Just round the corner from Eildon Street, on Inverleith Place, there was a little general grocers. My late great-aunt lived on Eildon Street; she couldn’t walk as far as the big Tescos (and didn’t like it much anyway) or the shops at Goldenacre, and she hated letting other people do her shopping for her. The couple who ran the shop got to like her and she them and they’d order items specially for her if she needed them.
Then suddenly a refrigerator with beer and wine appeared. As the couple were devout Muslims, this surprised my great-aunt. They told her that they didn’t have a choice – the landlord had told them their profits weren’t high enough, they had to start selling alcohol.
The shop was burgled. The beer and wine were all stolen. The shop was insured against theft, of course, but the insurance premiums went up. The couple protested again about having to restock the cabinet, but the landlord insisted. Because the exterior of the building was listed, they couldn’t put a metal shutter up. The shop was burgled again. The landlord instructed them to restock. The insurance premiums were too high. The shop folded.
While it may get into the news when Edinburgh Council, acting as a private landlord, raises the rent on commercial properties and drives out business, they are far from the only landlords that do that. Tapa on Hanover Street has closed down now, and they identify a legal wrangle with their landlord as the problem.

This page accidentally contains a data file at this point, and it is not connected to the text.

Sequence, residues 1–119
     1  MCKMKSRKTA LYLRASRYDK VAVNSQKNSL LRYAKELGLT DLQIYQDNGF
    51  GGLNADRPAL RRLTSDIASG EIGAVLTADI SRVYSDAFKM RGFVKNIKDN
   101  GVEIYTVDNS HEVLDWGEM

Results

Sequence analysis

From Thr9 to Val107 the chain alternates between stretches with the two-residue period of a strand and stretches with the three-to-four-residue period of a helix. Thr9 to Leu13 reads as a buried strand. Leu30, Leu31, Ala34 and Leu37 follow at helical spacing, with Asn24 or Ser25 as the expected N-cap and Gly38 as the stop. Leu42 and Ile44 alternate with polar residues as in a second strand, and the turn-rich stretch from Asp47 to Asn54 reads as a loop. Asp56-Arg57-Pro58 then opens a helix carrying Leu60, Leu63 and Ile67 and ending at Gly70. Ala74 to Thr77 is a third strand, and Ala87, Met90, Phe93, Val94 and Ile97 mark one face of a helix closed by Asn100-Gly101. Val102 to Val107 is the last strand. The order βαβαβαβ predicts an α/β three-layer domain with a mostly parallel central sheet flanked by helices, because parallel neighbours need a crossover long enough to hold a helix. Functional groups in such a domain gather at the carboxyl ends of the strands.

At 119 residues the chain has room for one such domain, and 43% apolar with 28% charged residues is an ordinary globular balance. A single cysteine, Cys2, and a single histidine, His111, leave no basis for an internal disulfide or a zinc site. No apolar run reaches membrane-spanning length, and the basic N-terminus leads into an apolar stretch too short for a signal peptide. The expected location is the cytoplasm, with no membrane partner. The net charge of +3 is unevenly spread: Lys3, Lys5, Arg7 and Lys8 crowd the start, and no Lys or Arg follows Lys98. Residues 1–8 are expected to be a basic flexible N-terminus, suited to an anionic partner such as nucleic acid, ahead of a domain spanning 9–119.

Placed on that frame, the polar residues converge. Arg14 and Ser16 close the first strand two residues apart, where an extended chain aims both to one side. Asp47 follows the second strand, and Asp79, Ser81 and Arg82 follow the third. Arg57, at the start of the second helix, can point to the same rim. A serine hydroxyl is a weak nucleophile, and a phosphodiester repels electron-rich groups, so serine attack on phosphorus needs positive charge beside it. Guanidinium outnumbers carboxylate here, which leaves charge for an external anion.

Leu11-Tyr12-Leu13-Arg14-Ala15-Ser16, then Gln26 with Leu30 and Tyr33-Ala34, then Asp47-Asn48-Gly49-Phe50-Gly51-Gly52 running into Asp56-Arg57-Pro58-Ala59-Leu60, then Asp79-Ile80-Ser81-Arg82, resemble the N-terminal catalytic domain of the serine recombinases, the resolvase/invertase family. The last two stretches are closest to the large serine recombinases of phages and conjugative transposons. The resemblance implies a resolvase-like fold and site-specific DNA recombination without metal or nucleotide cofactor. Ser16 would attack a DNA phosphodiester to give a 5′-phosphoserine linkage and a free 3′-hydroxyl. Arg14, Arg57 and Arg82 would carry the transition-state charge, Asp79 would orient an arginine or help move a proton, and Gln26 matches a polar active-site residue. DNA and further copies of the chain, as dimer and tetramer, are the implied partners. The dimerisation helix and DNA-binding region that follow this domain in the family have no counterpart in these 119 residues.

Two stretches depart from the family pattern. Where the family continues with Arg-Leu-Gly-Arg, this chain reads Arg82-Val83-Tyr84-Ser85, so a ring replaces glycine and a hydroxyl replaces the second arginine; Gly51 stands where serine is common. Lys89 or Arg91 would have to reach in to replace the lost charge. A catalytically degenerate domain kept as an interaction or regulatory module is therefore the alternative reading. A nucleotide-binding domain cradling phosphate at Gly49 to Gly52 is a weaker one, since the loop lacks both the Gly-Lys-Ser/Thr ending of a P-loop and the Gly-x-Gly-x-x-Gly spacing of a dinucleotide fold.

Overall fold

I know of no details in the Tapa Hanover case, but the pattern I have heard about businesses in Edinburgh is that all too often, the landlord of a commercial property will offer it at initially quite a reasonable rate: a new business moves in.
If the business is doing well, profits are up – the landlord may even make explicit instructions about putting the profits up, the landlord renews the lease at a higher rate of rent to claw back back more of the profits. The business owner puts prices up, if they can – tries to win more custom, if they can – but even if they can, the more profits come in, the higher the landlord raises the rent. Eventually the business collapses. The landlord once more has an empty property to rent – beginning at a low rate to draw in the next sucker.
In this system, no one wins except the landlord.
There is solid legal protection for residential tenants against a landlord unreasonably raising the rent. You can even take your landlord to the council to have the value of the property reassessed, which can result in a considerable drop in rent.
But where is the protection for small businesses against predatory landlords?